Breast-feeding—Ergot alkaloids are excreted in breast milk
Other medical problems, especially cardiac or vascular disease, hepatic function impairment, severe hypertension or history of hypertension, renal function impairment, and sepsis

Proper use of this medication
» Importance of not using more medication or using for longer than prescribed; risk of ergotism and gangrene with prolonged use

» Proper dosing
Missed dose: Not taking missed dose; not doubling doses

» Proper storage

Precautions while using this medication
Notifying physician if infection develops, since infection may cause increased sensitivity to medication

Side/adverse effects
Signs of potential side effects, especially allergic reaction, coronary vasospasm or other cardiovascular complications, dyspnea, severe hypertension, or peripheral vasospasm

General Dosing Information
Antiemetic medications such as prochlorperazine may be administered prior to use of methylergonovine. {12} {15} {25}

For parenteral dosage forms only
Because the risk of severe adverse effects is increased with intravenous use of methylergonovine, such use is recommended only for emergencies such as excessive uterine bleeding. {14} {15} {18} {19} {22} {24} {25} {28}

If intravenous use is warranted, administration must be done slowly, over a period of at least 1 minute {15} {22} {24} {25}; some clinicians recommend dilution of the solution with normal saline before administration. {14} {24} {25}

In some patients who do not respond to methylergonovine because of hypocalcemia, cautious intravenous administration of calcium gluconate (provided the patient is not receiving digitalis) may restore the oxytocic action. {25}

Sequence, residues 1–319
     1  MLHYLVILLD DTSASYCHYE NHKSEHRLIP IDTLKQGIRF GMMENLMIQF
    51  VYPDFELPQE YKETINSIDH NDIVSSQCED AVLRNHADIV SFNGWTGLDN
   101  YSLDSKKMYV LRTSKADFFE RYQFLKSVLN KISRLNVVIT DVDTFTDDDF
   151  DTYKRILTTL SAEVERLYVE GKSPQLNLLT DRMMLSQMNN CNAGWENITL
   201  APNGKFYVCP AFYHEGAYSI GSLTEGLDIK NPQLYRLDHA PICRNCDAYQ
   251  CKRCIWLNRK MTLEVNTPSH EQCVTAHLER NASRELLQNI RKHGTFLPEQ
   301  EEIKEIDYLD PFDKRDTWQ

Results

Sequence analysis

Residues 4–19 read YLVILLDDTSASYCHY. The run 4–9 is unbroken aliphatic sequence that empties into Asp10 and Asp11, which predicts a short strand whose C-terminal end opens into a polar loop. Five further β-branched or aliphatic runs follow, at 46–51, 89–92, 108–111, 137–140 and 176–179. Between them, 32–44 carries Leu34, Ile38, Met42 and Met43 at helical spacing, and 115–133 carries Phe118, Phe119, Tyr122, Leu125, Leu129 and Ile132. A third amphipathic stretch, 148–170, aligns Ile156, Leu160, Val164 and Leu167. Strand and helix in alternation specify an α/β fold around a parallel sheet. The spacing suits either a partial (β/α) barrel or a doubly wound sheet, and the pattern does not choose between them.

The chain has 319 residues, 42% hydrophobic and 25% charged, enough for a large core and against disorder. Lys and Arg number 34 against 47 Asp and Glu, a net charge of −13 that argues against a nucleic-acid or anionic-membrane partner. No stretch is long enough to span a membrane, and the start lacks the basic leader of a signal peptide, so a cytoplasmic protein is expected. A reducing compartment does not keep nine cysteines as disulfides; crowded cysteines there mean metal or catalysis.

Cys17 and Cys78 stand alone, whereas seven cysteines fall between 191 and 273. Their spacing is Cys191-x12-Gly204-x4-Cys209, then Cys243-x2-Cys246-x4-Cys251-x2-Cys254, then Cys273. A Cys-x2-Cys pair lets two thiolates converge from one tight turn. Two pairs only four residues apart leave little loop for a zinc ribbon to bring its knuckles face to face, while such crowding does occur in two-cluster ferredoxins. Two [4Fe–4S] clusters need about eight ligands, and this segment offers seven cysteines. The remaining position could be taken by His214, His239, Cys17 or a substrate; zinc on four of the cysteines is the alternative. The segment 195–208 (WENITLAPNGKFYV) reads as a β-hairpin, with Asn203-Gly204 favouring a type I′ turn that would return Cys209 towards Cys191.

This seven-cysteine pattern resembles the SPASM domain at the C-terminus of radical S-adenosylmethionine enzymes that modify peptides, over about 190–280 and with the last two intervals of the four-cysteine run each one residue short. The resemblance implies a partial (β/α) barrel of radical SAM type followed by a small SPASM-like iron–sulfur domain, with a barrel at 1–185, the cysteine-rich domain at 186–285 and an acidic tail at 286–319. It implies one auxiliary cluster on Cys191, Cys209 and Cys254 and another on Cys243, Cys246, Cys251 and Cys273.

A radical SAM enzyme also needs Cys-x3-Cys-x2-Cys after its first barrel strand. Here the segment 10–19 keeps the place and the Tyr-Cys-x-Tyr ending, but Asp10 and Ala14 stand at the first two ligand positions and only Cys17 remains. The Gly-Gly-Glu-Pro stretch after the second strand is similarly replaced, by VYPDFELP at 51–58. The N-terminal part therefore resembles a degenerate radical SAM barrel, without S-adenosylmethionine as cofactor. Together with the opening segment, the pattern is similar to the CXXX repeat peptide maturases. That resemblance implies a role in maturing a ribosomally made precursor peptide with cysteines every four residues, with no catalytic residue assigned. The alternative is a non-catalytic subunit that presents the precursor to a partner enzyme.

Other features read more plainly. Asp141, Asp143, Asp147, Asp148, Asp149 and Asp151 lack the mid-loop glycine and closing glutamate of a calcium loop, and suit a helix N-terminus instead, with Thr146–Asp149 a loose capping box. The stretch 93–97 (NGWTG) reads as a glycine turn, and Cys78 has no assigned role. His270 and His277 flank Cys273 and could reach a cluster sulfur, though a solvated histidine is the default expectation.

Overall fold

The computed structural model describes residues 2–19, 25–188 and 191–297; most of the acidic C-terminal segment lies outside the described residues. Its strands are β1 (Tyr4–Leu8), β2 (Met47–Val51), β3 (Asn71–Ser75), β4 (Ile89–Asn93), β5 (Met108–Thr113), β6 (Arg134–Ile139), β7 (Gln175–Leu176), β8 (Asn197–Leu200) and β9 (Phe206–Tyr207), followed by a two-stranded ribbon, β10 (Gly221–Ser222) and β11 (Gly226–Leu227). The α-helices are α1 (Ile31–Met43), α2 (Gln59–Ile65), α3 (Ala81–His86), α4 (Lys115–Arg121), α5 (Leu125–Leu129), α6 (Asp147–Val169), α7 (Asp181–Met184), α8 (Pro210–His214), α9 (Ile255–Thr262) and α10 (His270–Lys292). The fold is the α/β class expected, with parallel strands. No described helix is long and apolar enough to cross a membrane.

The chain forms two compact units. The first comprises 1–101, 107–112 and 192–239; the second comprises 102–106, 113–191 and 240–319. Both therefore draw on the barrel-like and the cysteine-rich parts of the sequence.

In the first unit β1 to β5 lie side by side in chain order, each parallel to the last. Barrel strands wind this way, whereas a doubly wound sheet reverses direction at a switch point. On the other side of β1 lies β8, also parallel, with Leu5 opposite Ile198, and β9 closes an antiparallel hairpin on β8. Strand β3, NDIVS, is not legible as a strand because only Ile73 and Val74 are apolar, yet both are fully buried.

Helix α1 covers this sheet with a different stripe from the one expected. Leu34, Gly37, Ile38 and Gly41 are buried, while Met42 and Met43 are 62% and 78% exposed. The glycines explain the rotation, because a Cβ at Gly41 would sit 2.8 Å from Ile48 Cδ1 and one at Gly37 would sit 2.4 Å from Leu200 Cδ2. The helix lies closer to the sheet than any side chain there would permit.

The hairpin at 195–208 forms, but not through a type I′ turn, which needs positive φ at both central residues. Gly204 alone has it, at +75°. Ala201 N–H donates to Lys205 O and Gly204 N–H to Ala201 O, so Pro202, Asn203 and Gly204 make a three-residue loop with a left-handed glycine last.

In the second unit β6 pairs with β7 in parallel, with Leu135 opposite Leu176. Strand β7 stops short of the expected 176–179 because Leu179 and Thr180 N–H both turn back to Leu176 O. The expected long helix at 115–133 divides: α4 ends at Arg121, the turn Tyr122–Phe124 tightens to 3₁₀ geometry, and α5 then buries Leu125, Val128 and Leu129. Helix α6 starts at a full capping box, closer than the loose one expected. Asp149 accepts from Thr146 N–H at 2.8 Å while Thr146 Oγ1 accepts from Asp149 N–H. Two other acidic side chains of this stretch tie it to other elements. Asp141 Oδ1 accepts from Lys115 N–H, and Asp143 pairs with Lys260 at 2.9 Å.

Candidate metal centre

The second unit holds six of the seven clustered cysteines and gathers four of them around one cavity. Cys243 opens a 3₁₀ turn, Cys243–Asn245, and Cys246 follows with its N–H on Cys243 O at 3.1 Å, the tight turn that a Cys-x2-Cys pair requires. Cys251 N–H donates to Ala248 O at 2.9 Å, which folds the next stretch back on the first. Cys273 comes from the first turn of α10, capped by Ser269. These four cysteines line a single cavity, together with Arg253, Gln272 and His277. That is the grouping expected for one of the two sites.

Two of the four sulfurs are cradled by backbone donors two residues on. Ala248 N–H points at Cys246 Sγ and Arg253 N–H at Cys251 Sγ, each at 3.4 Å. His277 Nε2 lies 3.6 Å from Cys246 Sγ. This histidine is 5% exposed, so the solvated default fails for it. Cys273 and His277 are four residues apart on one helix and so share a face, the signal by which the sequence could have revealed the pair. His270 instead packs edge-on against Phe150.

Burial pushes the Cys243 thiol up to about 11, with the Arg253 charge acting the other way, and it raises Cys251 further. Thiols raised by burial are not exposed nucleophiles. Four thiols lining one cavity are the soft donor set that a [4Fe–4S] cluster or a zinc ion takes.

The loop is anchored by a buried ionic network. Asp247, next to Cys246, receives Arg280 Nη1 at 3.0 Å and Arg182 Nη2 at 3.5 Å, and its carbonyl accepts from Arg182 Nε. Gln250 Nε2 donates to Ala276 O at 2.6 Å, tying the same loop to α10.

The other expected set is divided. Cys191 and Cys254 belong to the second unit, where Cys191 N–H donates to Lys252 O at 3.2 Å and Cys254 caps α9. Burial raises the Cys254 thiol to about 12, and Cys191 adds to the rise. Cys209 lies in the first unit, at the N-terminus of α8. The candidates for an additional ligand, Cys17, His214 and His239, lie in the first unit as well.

Oral Dosage Forms


Usual adult and adolescent dose
Uterine stimulant
Oral, 200 to 400 mcg (0.2 to 0.4 mg) two to four times a day (every six to twelve hours) until the danger of uterine atony and hemorrhage has passed. {15} {18} {19} {22} {25}

Note: Generally, a treatment course of 48 hours is sufficient {18} {25}. However, in some patients, treatment for up to 7 days may be necessary, especially when used for treatment of incomplete abortion {15} {25}. Oral administration usually follows an initial parenteral dose. {25}

Strength(s) usually available

200 mcg (0.2 mg) (Rx) [Methergine]

Not commercially available.

Packaging and storage:
Store below 40 °C (104 °F), preferably between 15 and 30 °C (59 and 86 °F), unless otherwise specified by manufacturer. Store in a tight container. Protect from light.

Parenteral Dosage Forms


Usual adult and adolescent dose
Uterine stimulant
Intramuscular or intravenous, 200 mcg (0.2 mg), repeated in two to four hours if necessary, up to five doses. {15} {18} {19} {24} {25}

Strength(s) usually available

200 mcg (0.2 mg) per mL (Rx) [Methergine]

Not commercially available.

Packaging and storage:
Store below 40 °C (104 °F), preferably between 15 and 30 °C (59 and 86 °F), unless otherwise specified by manufacturer. Protect from light. Protect from freezing.

Discolored solutions or solutions containing visible particles should not be used. {24}

Revised: 06/07/1993